County looking into creating reentry council aimed at assisting formerly-incarcerated

Published 12:10 am Friday, May 24, 2024

SALISBURY — The Rowan County Board of Commissioners took the first step in potentially adding a local reentry council, aimed at assisting recently-incarcerated individuals, by approving a grant application during its meeting on Monday.

The grant that the county applied for is from the North Carolina Department of Adult Correction, who is offering up to $450,000 over a three-year period if the council covers one county or $675,000 over the same period if the council covers two or more counties. If the award is granted, the county would serve as the “Intermediary Agency,” which means that the county would be the fiscal agent for the council, hiring the staff, managing the budget and expenditures and managing contracts with local service providers. The county would also be required to serve in a liaison role with the NCDAC and coordinate the council’s activities.

There are currently 17 reentry councils in the state, serving 19 counties. The closest counties to Rowan County with councils are Forsyth and Mecklenburg. They serve as organized networks that connect and coordinate multiple community partners and offer their resources to assist formerly-incarcerated individuals. Common members of the council include local justice system officials, community colleges, vocational rehabilitation services and mental health professionals.

Chairman Greg Edds said that a reentry council had been on his wish list for a while, but he was worried that Rowan County may not be ready for what the council would require.

“There are a lot of folks in our jails that want to come out and they want to do well, but they don’t know how. We as a community expect them to walk the straight and narrow, but oftentimes, they don’t have that opportunity,” said Edds.

Edds noted that he knew of businesses that were active in hiring former inmates and some organizations aimed at the same population, but he was not certain how to connect all of the different groups, which is where the council and the state’s assistance in beginning would help.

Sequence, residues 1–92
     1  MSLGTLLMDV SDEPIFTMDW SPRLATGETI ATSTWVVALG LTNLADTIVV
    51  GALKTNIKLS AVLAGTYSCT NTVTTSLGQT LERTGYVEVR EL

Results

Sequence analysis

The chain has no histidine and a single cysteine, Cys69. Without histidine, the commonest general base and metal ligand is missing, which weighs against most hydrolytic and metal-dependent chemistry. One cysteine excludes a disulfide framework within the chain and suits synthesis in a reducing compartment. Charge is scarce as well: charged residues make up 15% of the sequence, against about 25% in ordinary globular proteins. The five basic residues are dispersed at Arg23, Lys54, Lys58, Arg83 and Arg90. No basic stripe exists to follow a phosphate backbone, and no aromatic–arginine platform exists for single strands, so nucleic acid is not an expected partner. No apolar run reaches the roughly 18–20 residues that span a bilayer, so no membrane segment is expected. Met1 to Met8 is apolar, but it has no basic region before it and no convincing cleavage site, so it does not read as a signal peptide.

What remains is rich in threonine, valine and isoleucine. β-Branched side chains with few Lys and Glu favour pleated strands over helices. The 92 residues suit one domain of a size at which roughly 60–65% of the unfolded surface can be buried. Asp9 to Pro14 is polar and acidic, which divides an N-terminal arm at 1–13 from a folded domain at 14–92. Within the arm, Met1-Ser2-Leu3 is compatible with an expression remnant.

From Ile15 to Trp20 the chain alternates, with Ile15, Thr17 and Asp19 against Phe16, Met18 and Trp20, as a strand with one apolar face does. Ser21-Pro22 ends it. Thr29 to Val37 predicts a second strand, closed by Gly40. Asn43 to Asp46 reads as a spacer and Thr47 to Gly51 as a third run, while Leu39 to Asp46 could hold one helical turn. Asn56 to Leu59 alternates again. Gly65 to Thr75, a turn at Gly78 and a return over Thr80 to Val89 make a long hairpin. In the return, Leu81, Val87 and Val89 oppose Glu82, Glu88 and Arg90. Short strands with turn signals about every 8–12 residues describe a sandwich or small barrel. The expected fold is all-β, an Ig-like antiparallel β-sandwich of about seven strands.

The council would require at least two paid staff in a local reentry coordinator and a local job placement specialist, said Ann Kitalong-Will, the county’s grants administrator. Those two positions would be hired as county employees and paid directly by the county.

The commissioners asked Kitalong-Will and county attorney Jay Dees if it would be possible for them to apply for the grant, assess their readiness while the application was pending and then not accept the award if they received it. Because the turnaround for the grant application, which had a Friday deadline, was so short, county officials did not have much time to analyze the situation and create a plan.

“Mr. Chairman, if we were to apply, and you say we’re not ready and I agree we’re not, we could look at other counties and copycat their system to be able to implement it the next year. But, I don’t want to miss the opportunity for the funding, but at the same time I don’t want to take the money and not produce anything either,” said Commissioner Craig Pierce.

Both Kitalong-Will and Dees assured the commissioners that if they refused the grant they would still be eligible in the future.

At the end of the discussion, the commissioners voted unanimously to approve county staff preparing a proposal and to direct County Manager Aaron Church to sign off on the grant application and submit it.

“We’ll just seek to do the right thing,” said Edds after the commissioners voted.